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The Forgotten: Uneasy Street

Charley Chase and Leo McCarey collaborated on a long series of short films, intricately plotted gems with their own distinct comic tone.
The Uneasy Three

Charley Chase is, I suppose, fated to remain outside the first rank of silent comics, and that's probably fair enough: leading the second rank is no disgrace, especially in a field containing authentic geniuses like Chaplin and Keaton. The problem is simply one of amnesia: a lot of people, even among hardcore cinephiles, simply don't have time for anything outside the elite circle of the very best. That's understandable: life is short and film history is both long and broad, but if you're missing Chase you're missing some serious hysteria in your life.

The Uneasy Three

What should help the Chase case is his work with Leo McCarey, an auteur whose star is on the rise, thanks to the availability (at last!) of melancholy masterpiece Make Way for Tomorrow (1937) and the Timeless Classic status of Duck Soup, The Awful Truth and several others. With a bit of scrounging around, official releases can be found containing a decent number of the McCarey-Chase collaborations.

Uncollected thus far, I believe, The Uneasy Three (1925) delights first because its title spoofs the Lon Chaney-Tod Browning weirdie The Unholy Three, released that same year, and second, third and fourth because of its slick farce plotting, boldly stylized perfs, and wonderful surreal imagery. McCarey may only have fully embraced madness in his Marx Bros picture, but he's flirting pretty outrageously with it here.

The Uneasy Three

Chase, a smooth criminal in tux and topper, and his crooked cohorts, vamp Katherine Grant and strong-arm/weak-mind Bull Montana, crash a swank party disguised as musicians in order to steal a priceless broach. Private dick Fred Kelsey (the classic bulldog detective stereotype—Tex Avery even drew him as a bulldog in the MGM cartoon Who Killed Who?) sniffs around suspiciously but can't detect anything definitely fishy with this avant-garde music trio, despite Charley's miming at a player piano, Bull's clueless strumming of a harp ("What is dis? A radio?") and Grant's enthusiastic hooch dance.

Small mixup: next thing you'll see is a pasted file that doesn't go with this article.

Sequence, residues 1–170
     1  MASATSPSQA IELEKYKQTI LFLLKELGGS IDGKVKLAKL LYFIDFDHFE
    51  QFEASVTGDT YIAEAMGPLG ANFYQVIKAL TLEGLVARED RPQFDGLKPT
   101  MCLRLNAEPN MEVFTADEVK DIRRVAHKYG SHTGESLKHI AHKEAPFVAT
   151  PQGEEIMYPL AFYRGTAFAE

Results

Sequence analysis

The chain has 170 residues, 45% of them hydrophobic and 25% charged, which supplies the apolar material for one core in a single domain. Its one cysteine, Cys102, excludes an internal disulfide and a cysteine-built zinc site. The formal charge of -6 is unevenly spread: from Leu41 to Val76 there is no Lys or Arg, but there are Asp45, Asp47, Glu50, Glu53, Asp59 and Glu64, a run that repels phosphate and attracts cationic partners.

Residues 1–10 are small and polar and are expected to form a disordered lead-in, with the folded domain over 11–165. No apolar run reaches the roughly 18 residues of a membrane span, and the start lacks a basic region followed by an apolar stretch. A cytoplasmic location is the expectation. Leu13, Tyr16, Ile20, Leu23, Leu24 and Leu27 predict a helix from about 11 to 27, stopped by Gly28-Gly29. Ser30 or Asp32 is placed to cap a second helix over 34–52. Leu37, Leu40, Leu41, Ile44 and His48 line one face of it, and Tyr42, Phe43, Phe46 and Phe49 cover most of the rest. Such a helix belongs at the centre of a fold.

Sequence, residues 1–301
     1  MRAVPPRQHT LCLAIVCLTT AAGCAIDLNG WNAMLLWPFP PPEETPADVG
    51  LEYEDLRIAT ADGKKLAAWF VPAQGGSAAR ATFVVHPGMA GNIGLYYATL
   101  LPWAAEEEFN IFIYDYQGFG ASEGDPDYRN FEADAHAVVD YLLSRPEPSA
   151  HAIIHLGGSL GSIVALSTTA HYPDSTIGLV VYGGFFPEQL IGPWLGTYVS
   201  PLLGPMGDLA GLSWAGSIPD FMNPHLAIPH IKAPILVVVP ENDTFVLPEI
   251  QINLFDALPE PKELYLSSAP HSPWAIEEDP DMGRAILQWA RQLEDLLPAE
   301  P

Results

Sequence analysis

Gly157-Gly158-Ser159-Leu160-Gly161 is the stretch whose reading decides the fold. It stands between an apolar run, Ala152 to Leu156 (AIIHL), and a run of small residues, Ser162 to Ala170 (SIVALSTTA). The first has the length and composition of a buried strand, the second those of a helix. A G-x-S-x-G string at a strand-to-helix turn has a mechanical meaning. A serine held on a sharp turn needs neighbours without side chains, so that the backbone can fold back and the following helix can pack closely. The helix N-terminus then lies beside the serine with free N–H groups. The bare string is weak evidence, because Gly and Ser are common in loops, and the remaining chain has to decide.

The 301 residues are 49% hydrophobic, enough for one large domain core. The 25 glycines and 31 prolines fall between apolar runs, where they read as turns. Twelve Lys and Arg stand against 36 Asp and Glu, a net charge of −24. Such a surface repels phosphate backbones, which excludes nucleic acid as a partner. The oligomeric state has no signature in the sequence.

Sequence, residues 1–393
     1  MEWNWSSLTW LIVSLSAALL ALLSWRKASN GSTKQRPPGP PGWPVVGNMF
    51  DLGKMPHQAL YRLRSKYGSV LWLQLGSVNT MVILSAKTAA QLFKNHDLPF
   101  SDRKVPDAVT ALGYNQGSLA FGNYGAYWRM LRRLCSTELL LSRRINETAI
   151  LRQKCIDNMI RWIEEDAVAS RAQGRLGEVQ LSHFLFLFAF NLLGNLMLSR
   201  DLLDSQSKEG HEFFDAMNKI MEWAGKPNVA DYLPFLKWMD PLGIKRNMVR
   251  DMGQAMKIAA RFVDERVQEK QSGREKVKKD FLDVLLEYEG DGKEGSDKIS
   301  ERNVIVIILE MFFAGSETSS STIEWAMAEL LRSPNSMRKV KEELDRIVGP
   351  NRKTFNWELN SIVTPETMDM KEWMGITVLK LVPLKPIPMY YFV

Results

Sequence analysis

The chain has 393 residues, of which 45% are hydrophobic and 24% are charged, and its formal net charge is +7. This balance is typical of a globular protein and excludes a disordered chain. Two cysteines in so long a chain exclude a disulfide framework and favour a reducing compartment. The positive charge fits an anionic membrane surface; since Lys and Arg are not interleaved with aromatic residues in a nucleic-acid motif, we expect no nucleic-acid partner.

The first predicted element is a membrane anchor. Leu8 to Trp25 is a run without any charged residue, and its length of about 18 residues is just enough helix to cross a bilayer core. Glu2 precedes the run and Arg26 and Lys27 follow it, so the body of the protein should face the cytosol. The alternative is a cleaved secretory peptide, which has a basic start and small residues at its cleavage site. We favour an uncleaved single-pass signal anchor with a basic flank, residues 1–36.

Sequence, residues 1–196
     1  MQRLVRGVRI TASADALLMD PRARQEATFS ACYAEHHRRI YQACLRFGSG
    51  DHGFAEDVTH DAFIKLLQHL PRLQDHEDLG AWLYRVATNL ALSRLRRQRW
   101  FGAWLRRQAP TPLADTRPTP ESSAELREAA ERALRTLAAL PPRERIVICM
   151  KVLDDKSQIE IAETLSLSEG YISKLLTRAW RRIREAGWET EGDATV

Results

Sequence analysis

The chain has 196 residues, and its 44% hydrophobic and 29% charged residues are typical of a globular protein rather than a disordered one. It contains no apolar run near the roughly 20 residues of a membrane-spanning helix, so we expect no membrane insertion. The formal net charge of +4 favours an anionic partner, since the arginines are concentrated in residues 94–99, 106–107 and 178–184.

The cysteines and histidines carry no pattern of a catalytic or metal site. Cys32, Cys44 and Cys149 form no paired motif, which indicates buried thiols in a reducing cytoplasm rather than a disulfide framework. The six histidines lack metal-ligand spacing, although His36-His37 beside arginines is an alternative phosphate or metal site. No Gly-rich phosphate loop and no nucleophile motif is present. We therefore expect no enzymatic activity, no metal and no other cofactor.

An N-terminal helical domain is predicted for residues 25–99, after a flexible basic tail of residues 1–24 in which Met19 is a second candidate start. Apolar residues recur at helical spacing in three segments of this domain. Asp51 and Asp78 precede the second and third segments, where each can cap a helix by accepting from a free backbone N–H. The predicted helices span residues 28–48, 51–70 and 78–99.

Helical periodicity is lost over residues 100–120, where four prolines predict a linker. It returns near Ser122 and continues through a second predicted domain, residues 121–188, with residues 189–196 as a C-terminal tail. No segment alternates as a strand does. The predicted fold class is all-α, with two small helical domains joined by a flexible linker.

Unfortunately, the sought-after jewel is swallowed by a toddler. The ever-practical Bull absconds with the tot in a small suitcase and brings his prize back to the criminals' lair. Now, with every cop in the city seeking the kidnapped kid, our crooks must try their best to keep the mite entertained, for his wails will bring the heavy hand of law enforcement down upon their collarbones...

The Uneasy Three

Highlights include Charley's hat trouble: purchasing a balloon to entertain his little prisoner, he has to hide it in his topper to avoid attracting the suspicions of a policeman. And so he has to keep catching his brim as the hat floats serenely from his brow. And then McCarey stages the whole gag again with a hatful of goldfish flipping Charley's lid. Apeman Bull Montana is really funny, and as the third in the Uneasy Three, the glamorous Katherine Grant makes the most of her short time in the spotlight.

The Uneasy Three

This is fast, silly, clever and skilled entertainment. Just because it was designed to be disposable doesn't mean we shouldn't treasure it.


The Forgotten is a regular Thursday column by David Cairns, author of Shadowplay.

There’s actually an amazing 4-disc set of restored Chase silent shorts with music by the Snark Ensemble and Ben Model that was all set to be released by VCI (they’re all packaged and everything) but that VCI decided to not release at the last minute. If you can manage to get a copy of the set, you’ll have plenty of evidence of why Chase can easily be put up alongside Keaton and Lloyd. It also includes a disc of films he directed for other silent comedians like Billie West and a bunch of really good essays by silent film historians. One thing of note about his career prior to acting in his own films was that he was basically responsible for the Our Gang comedies. Hal Roach had the idea, but he gave it to Chase to put together the whole team behind them.
The box set is available from VCI’s website, as far as I can see. It is indeed a treasure trove, and early Chase is very nearly as good as mature Chase. (Late Chase is still good, the talkies didn’t really cramp his style at all.) Charley’s brother, James Parrott, directed quite a bit of Laurel & Hardy, among others.
Good to know. For some reason I was told it wasn’t commercially available. Everyone should get a copy now. I like his talkies a lot, too. The sound shorts I saw a few years ago that he did for Columbia had a 3 Stooges-esque quality in regards to the very present sound effects. I’ve only seen one of his sound features, Modern Love, which was kind of hampered by overly recycling gags from earlier shorts.

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